But one of the other major drivers that I discussed with all of the people with whom I sought counsel in the decision was The Haimish Factor.
Having been involved with 23 companies that had been through Launchpad LA in its first couple of years, I felt very close to these founders. I count most of them as personal friends. We hung out a lot together a dinners and educational events.
And as I said to my close friend Adam Lilling who helps run Launchpad LA
“I’d much rather sit in Launchpad’s offices and get to know 10 companies intimately than to constantly sit in a conference room in an artificial situation being constantly pitched by entrepreneurs where my job is to mostly say, ‘no.’
Getting to know a handful of entrepreneurs better and helping them with their daily problems does a much better job of keeping me connected to what issues modern companies are facing than debating the merits of pitch decks in 45-minute sessions.
In my job, I obviously need to do both. But I can tell you which is more clearly on the right side of the Haimish line. So in 2012 you’ll see me a lot more often at the Launchpad LA offices. And on the road out meeting you. Speaking at events. Holding dinners. Getting rides from random people (a habit I picked up from Brad Feld). Occasionally inviting anybody available in the next 30 minutes to come have breakfast with me.
Happy 2012 to all of you.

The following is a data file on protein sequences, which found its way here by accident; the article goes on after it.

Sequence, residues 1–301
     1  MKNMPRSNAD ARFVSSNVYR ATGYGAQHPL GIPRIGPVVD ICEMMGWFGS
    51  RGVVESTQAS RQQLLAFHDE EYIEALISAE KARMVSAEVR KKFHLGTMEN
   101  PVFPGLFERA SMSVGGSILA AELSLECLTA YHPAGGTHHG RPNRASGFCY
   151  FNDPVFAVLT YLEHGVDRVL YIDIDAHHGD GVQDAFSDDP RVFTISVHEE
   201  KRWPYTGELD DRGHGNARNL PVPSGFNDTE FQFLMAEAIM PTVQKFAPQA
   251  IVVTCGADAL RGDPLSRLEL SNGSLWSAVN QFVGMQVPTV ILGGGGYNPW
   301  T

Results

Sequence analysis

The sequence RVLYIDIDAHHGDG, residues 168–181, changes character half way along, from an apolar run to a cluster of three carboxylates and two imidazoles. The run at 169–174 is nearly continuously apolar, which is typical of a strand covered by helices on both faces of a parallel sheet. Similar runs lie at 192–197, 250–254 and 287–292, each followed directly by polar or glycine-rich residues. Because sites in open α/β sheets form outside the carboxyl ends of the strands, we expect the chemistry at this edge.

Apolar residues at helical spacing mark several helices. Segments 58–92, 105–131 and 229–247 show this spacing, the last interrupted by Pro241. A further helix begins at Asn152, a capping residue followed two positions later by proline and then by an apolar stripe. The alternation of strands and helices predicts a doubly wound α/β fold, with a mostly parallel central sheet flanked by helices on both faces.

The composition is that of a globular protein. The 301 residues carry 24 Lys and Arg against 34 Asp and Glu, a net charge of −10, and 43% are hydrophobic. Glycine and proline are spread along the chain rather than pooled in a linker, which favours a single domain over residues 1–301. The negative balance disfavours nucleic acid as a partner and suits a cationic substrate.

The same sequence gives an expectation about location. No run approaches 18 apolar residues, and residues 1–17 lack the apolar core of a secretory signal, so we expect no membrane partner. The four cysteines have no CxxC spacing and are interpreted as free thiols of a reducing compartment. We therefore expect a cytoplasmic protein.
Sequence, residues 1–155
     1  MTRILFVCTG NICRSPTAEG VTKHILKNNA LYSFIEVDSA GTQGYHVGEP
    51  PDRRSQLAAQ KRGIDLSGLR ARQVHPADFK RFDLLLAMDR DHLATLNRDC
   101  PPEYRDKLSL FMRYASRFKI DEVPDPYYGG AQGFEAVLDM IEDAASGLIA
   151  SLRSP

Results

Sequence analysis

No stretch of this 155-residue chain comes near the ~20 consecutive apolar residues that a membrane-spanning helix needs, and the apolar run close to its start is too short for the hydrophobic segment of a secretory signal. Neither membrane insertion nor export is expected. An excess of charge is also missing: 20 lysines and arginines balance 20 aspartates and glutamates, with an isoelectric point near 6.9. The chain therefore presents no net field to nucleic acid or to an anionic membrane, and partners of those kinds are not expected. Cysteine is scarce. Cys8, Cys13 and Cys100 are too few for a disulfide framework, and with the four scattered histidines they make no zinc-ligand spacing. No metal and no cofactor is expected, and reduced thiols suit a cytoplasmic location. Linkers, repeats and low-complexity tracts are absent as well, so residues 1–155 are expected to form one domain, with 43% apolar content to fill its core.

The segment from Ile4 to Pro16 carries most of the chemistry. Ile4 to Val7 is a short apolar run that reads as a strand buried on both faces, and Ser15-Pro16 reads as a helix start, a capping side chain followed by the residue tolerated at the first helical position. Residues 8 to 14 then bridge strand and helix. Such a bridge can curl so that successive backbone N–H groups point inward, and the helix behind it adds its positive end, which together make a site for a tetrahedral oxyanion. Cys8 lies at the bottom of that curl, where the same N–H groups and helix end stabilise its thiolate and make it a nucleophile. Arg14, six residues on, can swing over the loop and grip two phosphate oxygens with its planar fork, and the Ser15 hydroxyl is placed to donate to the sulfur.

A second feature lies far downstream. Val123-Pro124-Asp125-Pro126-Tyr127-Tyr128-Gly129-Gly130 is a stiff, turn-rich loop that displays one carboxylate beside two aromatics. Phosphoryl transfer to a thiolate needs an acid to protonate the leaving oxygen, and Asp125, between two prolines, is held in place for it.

My wish for you all is – when your January program to “get back into shape” fades into normal life, try for your second goal. Remember the Haimish line.
Find ways to always put yourself amongst people where you’re an equal and where your status is less important than your ability to talk, engage, challenge, compete and laugh with others.
Some Fun Extra Reading
If you have some extra time and want to read some of the other posts I’ve done that stray outside of the tech boundaries I’ve compiled a small list of my favorite ones below (in no particular order):
1. Focus on “The Dopeness” (Life is 10% how you make it, 90% how you take it)
2. Whose Life are you Going to Change? (my tribute to Cory Van Wolvelaere & challenge to readers)
3. Don’t Take the Littles Things for Granted (on spouses, children & friendships)
4. Leadership, Teams, Success & Happiness (Tiger Moms & the true definition of success)
5. Don’t Lose Twice (know when it’s time to be gracious)
6. Read, Travel, Experience, Live (avoiding monoculture as a way to become a broader thinker)